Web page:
Sermon for Sixteenth Sunday after Pentecost
(Proper 18 Ė Fathersí Day)

Text: Matthew 18:15
If your brother sins against you, go to him and show him his fault. But do it privately, just between yourselves. If he listens to you, you have won your brother back.

Mending Broken Relationships

A father tells this story about his holiday. "Last September school holidays, my family decided to take a "trip" to central Australia. It seemed like such a good idea at the time! I imagined us all singing songs together as we travelled the long outback roads visiting places we had only seen on postcards and in books. But everything didnít quite work out as we had planned!

Mid-morning out in the middle of nowhere, I looked down to see that a light on the dashboard of my 4-wheel drive had come on. Now over the years I have learned to perfect a certain technique in dealing with these mechanical breakdowns... its called denial.

So my reaction to the light on the dashboard was to say to myself... "That's strange. I wonder what that's all about? It canít be a problem with the 4-wheel drive because I had it all checked out before we left. It might be a faulty light. Really itís nothing to worry about. Maybe if I just keep on driving, the light will go out and everything will return to normal."

But of course the light didn't go out and things didn't return to normal. We ended up broken down by the side of the road in the middle of nowhere. And being mechanically dysfunctional, I had no idea what was wrong or how to fix it!

Apparently it had something to do with the oil. Over the next few days as the 4-wheel drive was getting fixed, there were times when I seriously thought about leaving it in Alice Springs and getting a new one... because it seemed a lot easier than fixing it."

Well... I tell you that story because today we are talking about a far more serious kind of breakdown - a breakdown of relationships. And it seems to me that many of us approach our relational breakdowns the same way that the father approached mechanical breakdowns - we see the warning lights, but we ignore them and the relationship breaks down. And because we often just don't know what to do, or because we know that fixing the relationship might become difficult, time consuming and costly, many of us simply abandon that relationship by the side of the road like an old car. Itís not hard to litter our lives with broken relationships we have never tried to fix.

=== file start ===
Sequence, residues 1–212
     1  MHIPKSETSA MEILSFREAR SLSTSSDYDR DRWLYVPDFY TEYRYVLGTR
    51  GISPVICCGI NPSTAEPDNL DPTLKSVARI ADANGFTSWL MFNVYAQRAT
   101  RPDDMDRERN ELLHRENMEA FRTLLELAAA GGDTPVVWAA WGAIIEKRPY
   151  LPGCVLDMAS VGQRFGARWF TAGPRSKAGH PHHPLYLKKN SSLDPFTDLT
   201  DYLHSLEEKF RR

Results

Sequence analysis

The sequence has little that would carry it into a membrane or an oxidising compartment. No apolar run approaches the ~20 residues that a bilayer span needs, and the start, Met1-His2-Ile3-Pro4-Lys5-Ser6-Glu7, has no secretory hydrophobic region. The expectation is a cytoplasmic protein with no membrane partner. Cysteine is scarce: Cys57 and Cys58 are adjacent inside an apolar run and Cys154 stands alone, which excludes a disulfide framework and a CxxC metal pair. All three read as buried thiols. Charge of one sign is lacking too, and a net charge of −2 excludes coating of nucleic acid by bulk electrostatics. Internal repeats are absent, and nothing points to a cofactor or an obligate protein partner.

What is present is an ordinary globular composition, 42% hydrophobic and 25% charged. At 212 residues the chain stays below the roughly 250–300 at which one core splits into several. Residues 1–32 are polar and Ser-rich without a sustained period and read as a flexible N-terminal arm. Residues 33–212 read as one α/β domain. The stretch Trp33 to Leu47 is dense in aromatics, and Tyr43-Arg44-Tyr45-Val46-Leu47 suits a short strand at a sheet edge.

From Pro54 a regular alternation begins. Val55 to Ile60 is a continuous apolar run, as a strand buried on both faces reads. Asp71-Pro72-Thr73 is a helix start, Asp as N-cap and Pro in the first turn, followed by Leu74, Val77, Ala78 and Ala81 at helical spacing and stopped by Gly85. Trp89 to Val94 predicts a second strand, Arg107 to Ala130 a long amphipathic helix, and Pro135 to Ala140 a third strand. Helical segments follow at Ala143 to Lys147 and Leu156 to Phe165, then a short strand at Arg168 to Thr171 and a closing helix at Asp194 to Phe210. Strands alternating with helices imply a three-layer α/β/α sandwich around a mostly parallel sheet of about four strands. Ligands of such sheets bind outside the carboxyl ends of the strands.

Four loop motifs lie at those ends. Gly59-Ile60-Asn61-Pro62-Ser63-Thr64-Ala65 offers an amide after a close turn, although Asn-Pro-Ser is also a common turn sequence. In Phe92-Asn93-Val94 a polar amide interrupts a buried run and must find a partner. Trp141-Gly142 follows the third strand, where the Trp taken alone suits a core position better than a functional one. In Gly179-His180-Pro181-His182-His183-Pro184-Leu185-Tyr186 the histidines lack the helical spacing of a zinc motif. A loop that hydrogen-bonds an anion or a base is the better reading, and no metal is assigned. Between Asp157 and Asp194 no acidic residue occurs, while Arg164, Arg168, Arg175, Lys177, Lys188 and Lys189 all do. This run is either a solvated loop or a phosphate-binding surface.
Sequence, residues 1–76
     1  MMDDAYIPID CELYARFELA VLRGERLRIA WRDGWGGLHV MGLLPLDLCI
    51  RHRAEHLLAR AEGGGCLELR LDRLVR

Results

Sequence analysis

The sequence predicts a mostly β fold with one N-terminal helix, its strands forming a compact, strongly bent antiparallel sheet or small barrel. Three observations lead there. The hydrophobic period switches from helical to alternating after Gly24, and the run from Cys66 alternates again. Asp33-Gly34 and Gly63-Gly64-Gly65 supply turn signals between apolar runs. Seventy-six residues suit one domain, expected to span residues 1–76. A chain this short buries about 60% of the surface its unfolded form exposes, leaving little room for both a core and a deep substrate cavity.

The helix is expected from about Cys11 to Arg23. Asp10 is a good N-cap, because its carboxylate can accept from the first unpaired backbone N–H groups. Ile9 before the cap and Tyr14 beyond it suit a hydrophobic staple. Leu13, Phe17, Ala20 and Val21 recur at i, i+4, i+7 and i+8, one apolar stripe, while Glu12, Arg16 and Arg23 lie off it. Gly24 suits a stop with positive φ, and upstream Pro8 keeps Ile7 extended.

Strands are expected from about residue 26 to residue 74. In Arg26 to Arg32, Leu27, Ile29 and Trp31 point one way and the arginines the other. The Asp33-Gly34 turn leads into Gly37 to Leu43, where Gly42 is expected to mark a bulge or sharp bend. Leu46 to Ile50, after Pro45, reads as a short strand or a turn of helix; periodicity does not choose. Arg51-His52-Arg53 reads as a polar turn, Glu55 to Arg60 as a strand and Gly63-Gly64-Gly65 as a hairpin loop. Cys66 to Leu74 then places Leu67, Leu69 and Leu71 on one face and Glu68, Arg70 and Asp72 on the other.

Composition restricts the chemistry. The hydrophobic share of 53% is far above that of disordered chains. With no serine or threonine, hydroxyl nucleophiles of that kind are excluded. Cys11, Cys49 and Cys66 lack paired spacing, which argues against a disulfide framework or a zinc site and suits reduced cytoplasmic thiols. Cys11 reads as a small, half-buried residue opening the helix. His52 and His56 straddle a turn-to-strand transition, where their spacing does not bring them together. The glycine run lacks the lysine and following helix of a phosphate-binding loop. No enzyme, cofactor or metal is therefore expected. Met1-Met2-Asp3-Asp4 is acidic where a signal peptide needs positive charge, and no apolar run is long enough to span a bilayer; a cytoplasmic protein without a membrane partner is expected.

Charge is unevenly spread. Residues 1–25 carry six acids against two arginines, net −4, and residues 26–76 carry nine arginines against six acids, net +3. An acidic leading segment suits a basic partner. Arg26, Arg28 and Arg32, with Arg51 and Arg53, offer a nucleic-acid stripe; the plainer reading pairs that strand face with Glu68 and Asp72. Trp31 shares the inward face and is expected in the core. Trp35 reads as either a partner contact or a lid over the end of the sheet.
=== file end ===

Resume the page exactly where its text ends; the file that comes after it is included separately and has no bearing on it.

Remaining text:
For some of us, breakdown of a relationship is the source of constant unrelenting, unrelieved pain!

Where once you enjoyed the company of a person and shared many good times together there is now only tension, anger or silence.
Where there was once a bond of love and intimacy, now you only feel hurt because of the deep chasm between you.

The question is: Is there anything we can do about it? Is there anything we should do about it?

The first thing that needs to be said is that Jesus regarded fixing up broken relationships as top priority. We know that to be true because of what he did to fix up the broken relationship between God and us. He thought that this was so important that he suffered and gave his life so that we could be reconciled to God. Jesus clearly states in everything he says and does that reconciliation was foremost in his plans and so also ought to be foremost in our lives.

Jesus says:
If you are offering your gift at the altar and there remember that your brother or sister has something against you, leave your gift there in front of the altar. First go and be reconciled to that person; then come and offer your gift. (Matt 5:23-24).

These days, people donít really think twice about walking out of a church service early. But in Jesus day, worshipping God was considered to be so important, and that no one would ever consider leaving a worship service early!

The act of offering a sacrifice was about as solemn an act as you could get. But here Jesus does the unthinkable - he issues free passes for people to get up in the middle of a worship service, climb over as many people as necessary and head for the exit -
- to fix a broken relationship
- to re-establish love where friendship has broken down.
As important as making a sacrifice in the temple was, reconciliation is even more important. Jesus said that the most compelling evidence that would convince the world that Christianity was real and true was the way his followers loved one another (John 13:35).

In short, when there is a need for forgiveness between two people, especially people who are brothers and sisters in Christ, he says, "Deal with it". We can hide from the need for reconciliation; we can sweep it under the rug - for awhile. But itís still there.

You can hold a grudge, or keep resentment hidden inside you, and the other person may not even know about it. But it eats at you. You think about it, you go around trying to avoid that other person, or when you do happen to meet accidentally you are reminded of the hurt that person has caused you and you get all upset over again.

Jesus words to us are simple, "Deal with it. In love, deal with the cause of the break down in your friendship."

Jesus says that itís always our responsibility to make the first move when a relationship breaks down! We are to take the initiative in seeking reconciliation.

But what if itís not my fault? What if itís 90% the other personís fault? What if itís completely their fault? What do I do then?

Jesus says, "If you remember your brother or sister has something against you, (that is, if itís your fault that your relationship with another person is strained,) then you go at once, (take the initiative), and make peace".